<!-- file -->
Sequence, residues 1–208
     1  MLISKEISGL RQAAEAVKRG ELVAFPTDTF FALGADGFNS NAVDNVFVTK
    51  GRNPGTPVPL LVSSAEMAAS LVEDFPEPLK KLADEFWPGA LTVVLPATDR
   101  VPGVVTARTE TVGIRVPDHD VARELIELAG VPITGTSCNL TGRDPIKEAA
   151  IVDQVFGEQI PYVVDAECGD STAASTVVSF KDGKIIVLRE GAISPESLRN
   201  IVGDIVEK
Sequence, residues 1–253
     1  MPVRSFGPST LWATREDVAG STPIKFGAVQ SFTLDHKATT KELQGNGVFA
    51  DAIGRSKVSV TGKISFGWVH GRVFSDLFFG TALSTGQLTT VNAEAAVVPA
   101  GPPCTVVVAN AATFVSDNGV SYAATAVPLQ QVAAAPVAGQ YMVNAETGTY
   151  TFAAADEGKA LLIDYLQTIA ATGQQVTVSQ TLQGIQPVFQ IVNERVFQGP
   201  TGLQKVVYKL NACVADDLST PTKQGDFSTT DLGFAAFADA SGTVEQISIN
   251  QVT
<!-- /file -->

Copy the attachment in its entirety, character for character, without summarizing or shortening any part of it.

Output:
Sequence, residues 1–208
     1  MLISKEISGL RQAAEAVKRG ELVAFPTDTF FALGADGFNS NAVDNVFVTK
    51  GRNPGTPVPL LVSSAEMAAS LVEDFPEPLK KLADEFWPGA LTVVLPATDR
   101  VPGVVTARTE TVGIRVPDHD VARELIELAG VPITGTSCNL TGRDPIKEAA
   151  IVDQVFGEQI PYVVDAECGD STAASTVVSF KDGKIIVLRE GAISPESLRN
   201  IVGDIVEK
Sequence, residues 1–253
     1  MPVRSFGPST LWATREDVAG STPIKFGAVQ SFTLDHKATT KELQGNGVFA
    51  DAIGRSKVSV TGKISFGWVH GRVFSDLFFG TALSTGQLTT VNAEAAVVPA
   101  GPPCTVVVAN AATFVSDNGV SYAATAVPLQ QVAAAPVAGQ YMVNAETGTY
   151  TFAAADEGKA LLIDYLQTIA ATGQQVTVSQ TLQGIQPVFQ IVNERVFQGP
   201  TGLQKVVYKL NACVADDLST PTKQGDFSTT DLGFAAFADA SGTVEQISIN
   251  QVT